The consecration of the priesthood ceremony covered seven days. This coincides with the seven stages of the Gospel Age and confirms that the church shares in the sin offering. The events of this ceremony emphasize that the sin offering is linked to the consecration of every member of Christ. With the addition of the ram of consecration and the usage of its blood, there is an emphasis on how the sin offering of Jesus and the church affects them personally.
Exodus 29:36,37 provides the details for what was to occur during the seven days of this ceremony. On each of the days a bullock for a sin offering was to be offered. These verses place an emphasis on cleansing the altar. “Seven days thou shalt make an atonement for the [brazen] altar, and sanctify it; and it shall be an altar most holy: whatsoever toucheth the altar shall be holy” (Exodus 29:37). Verse 43 then summarizes the purpose of establishing the tabernacle arrangement. “And there I will meet with the children of Israel, and the tabernacle shall be sanctified by my glory” (Exodus 29:43). These seven days then, as a picture of the Gospel Age, were to prepare the way for Israel to meet with God and witness the revealing of His glory.
The 8th Day Following the Consecration of the Priesthood — Leviticus 9
Since this ceremony follows immediately after the consecration of the priesthood in chapter 8, a sequential order in the antitype is indicated. The 8th day generally represents a new beginning. Jesus was raised to life on the 8th day. The ending of this ceremony then likely corresponds to a new beginning for mankind and may even be indicative of the resurrection. Chapters 8 and 9, taken together, represent the two ages of salvation, the Gospel Age followed by the Millennium.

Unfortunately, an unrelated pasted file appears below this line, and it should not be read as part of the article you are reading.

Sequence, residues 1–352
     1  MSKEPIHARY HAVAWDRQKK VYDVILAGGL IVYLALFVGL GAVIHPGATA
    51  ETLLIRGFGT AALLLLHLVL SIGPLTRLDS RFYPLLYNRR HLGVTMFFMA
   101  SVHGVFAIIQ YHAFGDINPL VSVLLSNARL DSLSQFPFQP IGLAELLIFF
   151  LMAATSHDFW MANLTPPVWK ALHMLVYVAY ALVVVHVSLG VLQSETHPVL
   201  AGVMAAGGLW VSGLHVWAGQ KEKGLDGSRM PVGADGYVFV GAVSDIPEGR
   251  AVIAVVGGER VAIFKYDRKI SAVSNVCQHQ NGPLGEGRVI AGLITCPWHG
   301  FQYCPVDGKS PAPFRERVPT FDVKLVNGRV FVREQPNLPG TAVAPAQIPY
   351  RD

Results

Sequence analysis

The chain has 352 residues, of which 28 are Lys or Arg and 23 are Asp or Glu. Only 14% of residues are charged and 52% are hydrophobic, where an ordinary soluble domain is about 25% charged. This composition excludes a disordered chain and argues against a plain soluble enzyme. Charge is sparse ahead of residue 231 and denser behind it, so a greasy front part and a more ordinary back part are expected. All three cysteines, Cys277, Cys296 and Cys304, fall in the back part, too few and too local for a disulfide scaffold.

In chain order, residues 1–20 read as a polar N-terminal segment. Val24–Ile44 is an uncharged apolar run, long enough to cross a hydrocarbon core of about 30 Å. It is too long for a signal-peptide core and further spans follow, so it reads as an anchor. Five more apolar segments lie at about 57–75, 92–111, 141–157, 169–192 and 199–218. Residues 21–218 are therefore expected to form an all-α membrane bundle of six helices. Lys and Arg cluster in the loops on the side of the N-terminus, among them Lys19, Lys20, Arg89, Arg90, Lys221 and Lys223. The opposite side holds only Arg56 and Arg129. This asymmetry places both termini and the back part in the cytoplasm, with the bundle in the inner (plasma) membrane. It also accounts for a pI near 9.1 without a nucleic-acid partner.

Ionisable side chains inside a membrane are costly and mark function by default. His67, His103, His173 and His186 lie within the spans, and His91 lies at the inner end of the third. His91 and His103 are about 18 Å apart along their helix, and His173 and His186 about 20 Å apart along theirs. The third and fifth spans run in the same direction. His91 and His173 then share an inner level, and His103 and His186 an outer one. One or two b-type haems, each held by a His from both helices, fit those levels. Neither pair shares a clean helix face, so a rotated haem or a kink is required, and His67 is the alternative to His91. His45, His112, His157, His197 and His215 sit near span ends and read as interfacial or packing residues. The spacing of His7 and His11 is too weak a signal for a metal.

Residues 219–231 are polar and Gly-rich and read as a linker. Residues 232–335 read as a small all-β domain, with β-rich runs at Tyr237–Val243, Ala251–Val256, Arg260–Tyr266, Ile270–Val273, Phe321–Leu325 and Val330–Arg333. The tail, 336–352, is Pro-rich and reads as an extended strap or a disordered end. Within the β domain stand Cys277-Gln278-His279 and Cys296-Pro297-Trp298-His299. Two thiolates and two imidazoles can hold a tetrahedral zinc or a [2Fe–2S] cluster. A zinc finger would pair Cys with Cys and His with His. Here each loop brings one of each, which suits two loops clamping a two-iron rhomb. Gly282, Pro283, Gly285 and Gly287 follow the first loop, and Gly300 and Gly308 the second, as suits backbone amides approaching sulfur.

Two Sin Offerings
In Leviticus 9, Moses is no longer the primary character. Aaron assumed all the duties of the high priest. Rather than only one animal for a sin offering, as in chapter 8, Aaron was instructed to offer one bullock and one goat.
While chapter 8 pointed to a unity between Jesus and the church by offering only one sin offering, two animals now illustrate the reality that the church has a separate part in the sin offering, which is intended for the world’s benefit, as the goat was “for the people” (Leviticus 9:7,15) This aligns with the symbolism of Leviticus 16, which also has two animals for a sin offering. Also, like chapter 16, Aaron provides the sin offering bullock, while the goat is provided by the people. This shows how Jesus offered himself in sacrifice while the church was taken from fallen humanity. This feature is omitted in chapter 8.